Return to – No translation was actually made and the international click was redirected back to While not ideal this is the same behavior a shopper would experience as if the service didn’t exist.  

No Product In Search – Similar to the “Product in Search” results, the translation resulted in search results page, however, the product wasn’t anywhere on the first page of results. This is ultimately a negative user experience.

Wrong Product – When the link translation redirects to the wrong product this is the worst user experience.

From these results, it was found that Geniuslink’s translation resulted in going to the correct item in the foreign storefront 50 times more often (446 times vs. 396 times) and went to the wrong product 10X less often (just five times in 840 tests) whereas, OneLink directed to the wrong product 56 times.

Genius Link


Product Match: 



Product in Search:



Return to



No product in search:



Wrong Product:







Automagic Link Translation Score

While looking at the total perfect and worst case scenarios helps show the difference in the two services we thought this didn’t’ tell the full story.  To further quantify the quality of localization result between the two services, and include the results from the three scenarios in between best and worst, a score was applied to every result in the following way:

Product Match: 1 point (Ideal user experience)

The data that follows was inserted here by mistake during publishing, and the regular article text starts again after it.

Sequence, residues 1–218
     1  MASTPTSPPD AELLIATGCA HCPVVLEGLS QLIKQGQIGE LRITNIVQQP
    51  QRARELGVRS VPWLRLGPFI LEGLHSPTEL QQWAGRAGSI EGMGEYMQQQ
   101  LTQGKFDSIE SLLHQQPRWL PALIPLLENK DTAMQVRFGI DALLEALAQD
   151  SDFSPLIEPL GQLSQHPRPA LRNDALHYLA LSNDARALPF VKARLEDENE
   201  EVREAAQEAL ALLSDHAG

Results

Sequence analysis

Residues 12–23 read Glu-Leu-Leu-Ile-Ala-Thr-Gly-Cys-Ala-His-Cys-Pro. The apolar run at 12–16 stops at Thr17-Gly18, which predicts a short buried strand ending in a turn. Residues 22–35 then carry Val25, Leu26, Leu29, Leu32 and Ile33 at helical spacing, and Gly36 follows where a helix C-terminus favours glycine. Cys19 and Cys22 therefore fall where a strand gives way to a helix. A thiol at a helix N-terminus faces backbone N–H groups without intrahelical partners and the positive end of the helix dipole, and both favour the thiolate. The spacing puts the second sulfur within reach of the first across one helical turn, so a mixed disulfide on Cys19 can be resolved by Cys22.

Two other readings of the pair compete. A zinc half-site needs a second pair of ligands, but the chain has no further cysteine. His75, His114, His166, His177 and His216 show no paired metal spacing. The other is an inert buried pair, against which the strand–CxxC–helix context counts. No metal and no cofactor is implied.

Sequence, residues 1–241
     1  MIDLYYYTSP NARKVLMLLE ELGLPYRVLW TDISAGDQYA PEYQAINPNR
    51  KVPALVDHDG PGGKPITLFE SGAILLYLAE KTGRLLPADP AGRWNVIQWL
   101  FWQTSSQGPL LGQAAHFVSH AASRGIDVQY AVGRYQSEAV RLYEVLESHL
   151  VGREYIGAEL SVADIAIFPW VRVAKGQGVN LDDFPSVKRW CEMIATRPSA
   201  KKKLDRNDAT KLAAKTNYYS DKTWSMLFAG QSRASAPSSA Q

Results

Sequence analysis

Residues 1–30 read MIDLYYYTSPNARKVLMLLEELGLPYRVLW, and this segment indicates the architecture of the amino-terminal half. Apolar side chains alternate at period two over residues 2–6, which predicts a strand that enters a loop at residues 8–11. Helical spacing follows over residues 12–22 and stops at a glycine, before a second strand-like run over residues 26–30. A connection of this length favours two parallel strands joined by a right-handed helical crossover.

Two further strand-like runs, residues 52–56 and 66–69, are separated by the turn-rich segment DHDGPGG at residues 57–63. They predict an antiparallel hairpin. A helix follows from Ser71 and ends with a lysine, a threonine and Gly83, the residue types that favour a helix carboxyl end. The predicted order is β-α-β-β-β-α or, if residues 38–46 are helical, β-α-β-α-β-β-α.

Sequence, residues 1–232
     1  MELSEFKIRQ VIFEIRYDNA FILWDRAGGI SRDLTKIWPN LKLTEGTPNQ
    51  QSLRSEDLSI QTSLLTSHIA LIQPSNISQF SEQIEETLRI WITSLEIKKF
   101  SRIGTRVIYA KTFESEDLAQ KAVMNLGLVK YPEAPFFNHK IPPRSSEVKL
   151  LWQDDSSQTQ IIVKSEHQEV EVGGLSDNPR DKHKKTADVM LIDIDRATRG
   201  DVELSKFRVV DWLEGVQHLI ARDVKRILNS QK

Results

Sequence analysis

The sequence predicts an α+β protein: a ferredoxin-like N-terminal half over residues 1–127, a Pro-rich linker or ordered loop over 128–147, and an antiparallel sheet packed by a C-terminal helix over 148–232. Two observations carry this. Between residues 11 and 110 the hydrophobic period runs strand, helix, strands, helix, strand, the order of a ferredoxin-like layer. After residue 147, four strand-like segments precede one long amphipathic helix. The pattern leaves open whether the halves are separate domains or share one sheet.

Product in Search: ½ point (Good user experience)

Return to 0 points (Neutral user experience)

Product not in Search: -½ point (Negative user experience)

Wrong Product: -1 point (Bad user experience)

Applying these scores to the results above gave the following:

Genius Link



Product Match:

446 396

Product in Search:



Return to



No product in search:



Wrong Product: -5






Geniuslink ended up with a total score of 409 points while OneLink finished with 326.5 points.

Taking the total score and dividing by the total possible score of 840 (getting a perfect product match every single time) puts Geniuslink at a 49% and OneLink at a 39%, making a difference of 25% between the two services.

While the results of this testing show that Genius Link’s localization performed objectively better than Amazon’s OneLink, resulting in more accurate product matching and ultimately a more seamless customer experience – however, neither service is standing still (we continue to tweak with our translation algorithms and expect Amazon to do the same). Further, both offer significant improvements for affiliate publishers with an international audience and outpace all of the other link localization services available.  

It’s worth noting that in this comparison we are purely focusing on link translation, but you can read more about what else differentiates the two services.

This testing was conducted by the Geniuslink Team in an attempt to provide an unbiased comparison of the differences between the two services, but we want to encourage everyone to do their own testing to evaluate the services for themselves and validate our results. We look forward to your questions and comments and welcome anyone who wishes to dive deeper into this!